Hello! I would like to know more information about how can we implement data distribution effectively for sparse tensors in chapel over multiple locales?

Currently I am only aware of the method where I use some sort of distribution for the backing dense domain ( E.g. Block Distribution ) , and then create a sub-domain over that dense domain. But has the issue that there might be many blocks in certain locales that have no/few nnz entries. So is there a way where I could, potentially distribute only the nnz entries in the sparse tensor for better packed efficiency?

As an aside, any other information as to how sparse arrays/domains are implemented and distributed in general would also be useful. I could also provide more specific information if required.

The way you describe is the way to create sparse domains and arrays in Chapel.
Distributing only nnz entries is not supported by any of the domain maps we have
today, but IIRC, there has been some discussions about supporting it.

A somewhat obvious and probably undesirable path you can take is wrapping two
block distributed arrays in a class/record and storing indices in one of them
and array data in the other. Therefore, you won’t be using any Chapel sparse
domains/arrays, but would be implementing your own. (And thus, undesirable) I am
not sure how you’d distribute CSR domain, though.

I imagine more efficient distributed sparse domains can be implemented as user
defined domain maps, which is an advanced feature of the language:

The sparse primer that you may have already come across:

See “Sparse Domains” here:

Feel free to elaborate more on your use case in case there is something better
you can do with Chapel as it stands today. Also, feel free to open a GitHub
issue if that feature is important to you.

Tagging onto Engin’s response, I’d say that Chapel was designed to support arbitrary distributions and implementations of sparse domains and arrays, but that we don’t support very many cases today (where it’s a standard chicken and egg problem… not many people have used those features, so we haven’t spent much time on them; and because we haven’t spent much time on them, they aren’t as built out as other features, so people don’t use them).

Turning the question around on you a bit: If you have a specific vision in mind, could you describe more about how you would like to (a) represent the sparse indices and elements and (b) characterize that representation as a client? E.g., do you want to linearize the nnz elements in some way and then chunk those up equally as Engin described? Or do you want to use a variant on block-distributing the bounding box of the sparse indices that simply doesn’t use evenly-sized blocks? Or something else?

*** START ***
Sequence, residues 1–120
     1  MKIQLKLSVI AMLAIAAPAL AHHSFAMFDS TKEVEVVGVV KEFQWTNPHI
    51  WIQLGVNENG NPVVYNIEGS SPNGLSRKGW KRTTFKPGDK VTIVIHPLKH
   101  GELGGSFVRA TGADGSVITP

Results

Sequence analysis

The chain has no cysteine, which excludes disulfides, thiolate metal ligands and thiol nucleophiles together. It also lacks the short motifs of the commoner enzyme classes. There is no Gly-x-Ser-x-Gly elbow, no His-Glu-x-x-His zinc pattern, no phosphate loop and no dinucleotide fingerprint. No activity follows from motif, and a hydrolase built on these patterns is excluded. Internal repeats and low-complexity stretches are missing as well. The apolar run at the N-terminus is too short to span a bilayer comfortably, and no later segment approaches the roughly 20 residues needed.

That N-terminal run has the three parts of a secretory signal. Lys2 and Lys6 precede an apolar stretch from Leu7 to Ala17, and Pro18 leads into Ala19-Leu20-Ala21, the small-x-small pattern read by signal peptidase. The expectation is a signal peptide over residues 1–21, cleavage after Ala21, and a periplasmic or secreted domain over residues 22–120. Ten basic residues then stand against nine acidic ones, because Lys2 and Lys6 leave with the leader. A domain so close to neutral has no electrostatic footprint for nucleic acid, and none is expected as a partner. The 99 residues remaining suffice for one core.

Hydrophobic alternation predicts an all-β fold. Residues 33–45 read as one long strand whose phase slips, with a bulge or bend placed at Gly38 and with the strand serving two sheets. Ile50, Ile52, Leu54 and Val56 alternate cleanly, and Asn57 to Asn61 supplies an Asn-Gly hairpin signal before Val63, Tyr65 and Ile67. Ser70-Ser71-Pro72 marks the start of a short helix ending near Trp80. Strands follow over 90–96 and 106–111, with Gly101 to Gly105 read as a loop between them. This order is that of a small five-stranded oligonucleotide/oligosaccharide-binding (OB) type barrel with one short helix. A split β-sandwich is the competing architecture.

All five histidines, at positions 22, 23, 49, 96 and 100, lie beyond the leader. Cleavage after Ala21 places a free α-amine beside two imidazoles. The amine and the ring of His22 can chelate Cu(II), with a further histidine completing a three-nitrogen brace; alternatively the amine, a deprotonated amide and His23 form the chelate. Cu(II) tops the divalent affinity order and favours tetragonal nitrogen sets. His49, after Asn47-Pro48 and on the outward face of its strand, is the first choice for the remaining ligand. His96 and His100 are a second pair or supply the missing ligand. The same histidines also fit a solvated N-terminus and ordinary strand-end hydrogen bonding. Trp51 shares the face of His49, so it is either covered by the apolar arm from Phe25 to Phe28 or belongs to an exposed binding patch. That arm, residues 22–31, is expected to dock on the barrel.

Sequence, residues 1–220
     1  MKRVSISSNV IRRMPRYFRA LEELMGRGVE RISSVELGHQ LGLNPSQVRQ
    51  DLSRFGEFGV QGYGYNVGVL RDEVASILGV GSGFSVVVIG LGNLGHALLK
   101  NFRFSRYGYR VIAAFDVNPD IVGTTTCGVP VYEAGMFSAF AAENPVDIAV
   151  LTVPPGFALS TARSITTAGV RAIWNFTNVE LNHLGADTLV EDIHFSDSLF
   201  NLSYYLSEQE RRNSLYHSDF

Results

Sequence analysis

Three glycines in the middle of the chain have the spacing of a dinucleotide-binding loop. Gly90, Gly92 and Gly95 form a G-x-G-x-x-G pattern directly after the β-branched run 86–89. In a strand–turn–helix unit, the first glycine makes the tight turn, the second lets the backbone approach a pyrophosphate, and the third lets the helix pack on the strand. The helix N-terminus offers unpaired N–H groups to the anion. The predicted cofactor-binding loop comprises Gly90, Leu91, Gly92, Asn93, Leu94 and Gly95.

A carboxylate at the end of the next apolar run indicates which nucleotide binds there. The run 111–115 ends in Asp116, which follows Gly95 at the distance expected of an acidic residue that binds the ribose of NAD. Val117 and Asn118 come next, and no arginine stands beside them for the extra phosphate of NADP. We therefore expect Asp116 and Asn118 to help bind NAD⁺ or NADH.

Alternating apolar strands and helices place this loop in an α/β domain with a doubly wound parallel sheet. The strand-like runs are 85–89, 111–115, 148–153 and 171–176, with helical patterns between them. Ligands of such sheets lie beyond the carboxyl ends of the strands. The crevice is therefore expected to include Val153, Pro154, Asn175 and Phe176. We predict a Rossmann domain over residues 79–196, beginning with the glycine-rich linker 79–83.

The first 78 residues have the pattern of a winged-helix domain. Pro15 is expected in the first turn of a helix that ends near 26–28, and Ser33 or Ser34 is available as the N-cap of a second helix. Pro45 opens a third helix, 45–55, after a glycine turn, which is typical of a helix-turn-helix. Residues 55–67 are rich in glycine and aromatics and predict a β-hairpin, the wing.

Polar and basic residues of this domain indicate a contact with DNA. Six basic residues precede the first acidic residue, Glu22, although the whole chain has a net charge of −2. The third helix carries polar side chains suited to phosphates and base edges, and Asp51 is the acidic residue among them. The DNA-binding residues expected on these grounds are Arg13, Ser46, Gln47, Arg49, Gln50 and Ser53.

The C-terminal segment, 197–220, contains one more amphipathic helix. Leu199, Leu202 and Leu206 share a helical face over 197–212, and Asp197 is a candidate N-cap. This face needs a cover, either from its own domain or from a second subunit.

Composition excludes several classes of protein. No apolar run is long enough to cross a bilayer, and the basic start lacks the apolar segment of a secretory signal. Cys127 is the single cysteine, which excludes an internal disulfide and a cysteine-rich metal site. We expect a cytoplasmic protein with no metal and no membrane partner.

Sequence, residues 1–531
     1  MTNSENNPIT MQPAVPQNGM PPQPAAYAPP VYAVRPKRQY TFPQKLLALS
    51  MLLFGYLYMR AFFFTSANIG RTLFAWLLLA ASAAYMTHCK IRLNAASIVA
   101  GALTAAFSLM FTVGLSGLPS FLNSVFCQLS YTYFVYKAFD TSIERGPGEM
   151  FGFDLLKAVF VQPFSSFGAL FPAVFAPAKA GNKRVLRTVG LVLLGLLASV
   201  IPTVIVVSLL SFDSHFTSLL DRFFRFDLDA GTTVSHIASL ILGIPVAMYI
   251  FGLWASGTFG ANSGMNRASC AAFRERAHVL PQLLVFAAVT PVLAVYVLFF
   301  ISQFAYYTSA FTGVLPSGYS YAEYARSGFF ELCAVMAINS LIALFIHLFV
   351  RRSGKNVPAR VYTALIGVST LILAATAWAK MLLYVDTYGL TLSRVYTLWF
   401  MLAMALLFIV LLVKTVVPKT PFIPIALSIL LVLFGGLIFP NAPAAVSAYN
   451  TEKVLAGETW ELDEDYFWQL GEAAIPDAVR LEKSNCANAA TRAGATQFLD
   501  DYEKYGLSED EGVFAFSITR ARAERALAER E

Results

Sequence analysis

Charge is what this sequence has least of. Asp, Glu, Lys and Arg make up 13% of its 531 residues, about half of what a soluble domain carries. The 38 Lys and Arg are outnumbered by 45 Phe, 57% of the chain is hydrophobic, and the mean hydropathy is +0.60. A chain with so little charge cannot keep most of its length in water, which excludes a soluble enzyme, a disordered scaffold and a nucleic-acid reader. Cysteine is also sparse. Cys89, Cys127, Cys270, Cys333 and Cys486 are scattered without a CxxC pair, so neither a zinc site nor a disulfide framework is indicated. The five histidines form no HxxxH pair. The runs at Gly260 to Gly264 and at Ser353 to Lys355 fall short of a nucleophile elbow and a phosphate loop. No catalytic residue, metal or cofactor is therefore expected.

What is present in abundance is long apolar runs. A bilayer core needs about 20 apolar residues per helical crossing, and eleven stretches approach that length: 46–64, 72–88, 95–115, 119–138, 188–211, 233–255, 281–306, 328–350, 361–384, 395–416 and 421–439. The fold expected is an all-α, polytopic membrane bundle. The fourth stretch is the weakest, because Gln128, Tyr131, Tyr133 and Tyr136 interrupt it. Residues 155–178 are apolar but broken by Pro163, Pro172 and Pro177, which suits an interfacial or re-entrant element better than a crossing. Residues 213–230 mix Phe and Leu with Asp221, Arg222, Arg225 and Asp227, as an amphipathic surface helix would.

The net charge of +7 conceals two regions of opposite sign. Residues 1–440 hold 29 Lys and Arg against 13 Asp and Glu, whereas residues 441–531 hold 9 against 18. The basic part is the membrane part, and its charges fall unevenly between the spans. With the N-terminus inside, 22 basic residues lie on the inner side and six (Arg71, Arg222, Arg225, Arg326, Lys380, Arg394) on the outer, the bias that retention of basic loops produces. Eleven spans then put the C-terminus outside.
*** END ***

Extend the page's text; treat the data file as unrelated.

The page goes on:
I’ll also note that while writing a new domain map is a fairly significant endeavor, since it’s Chapel code, anything that is done to prototype the explicit representation of the indices is a useful starting point, such as Engin’s suggestion to create an object that behaves domain-like or array-like. And I’ll mention that I’ve been meaning to write a friendlier “So you want to write a domain map?” guide that takes the user through the process step by step, so if that would be useful, that’s something I could bump up in priority in November.

The current usecase would be implementation of MTTKRP for sparse tensor decomposition. Hence, we were initially looking at an implementation of the bounding box for the sparse tensor indices that would equally distribute the nnz elements in the tensor. But as of now we have reverted back to the equally sized distribution of the tensor blocks, so I believe you could keep the guide as a low priority for now, though it may be useful in the future. Though to answer your question, as a user, I would have liked to have a variant on block distribution of the sparse matrix/tensor that would use blocks that would balance out the nnz elements equally in each block.

As a follow-up question, what would be the best way to sample nnz elements per processor, assuming that the sparse tensor/matrix is block distributed? For the zero based elements, I could potentially just calculate the smaller bounding box for that processor and sample random indices, then check if it is a valid zero element. But for the nnz elements, the only way I can think of would be to iterate over all the nnz elements and then manually store then in lists , after which I could sample, but that would be inefficient. So if that’s the only way or if we could do something better with the current functionalities?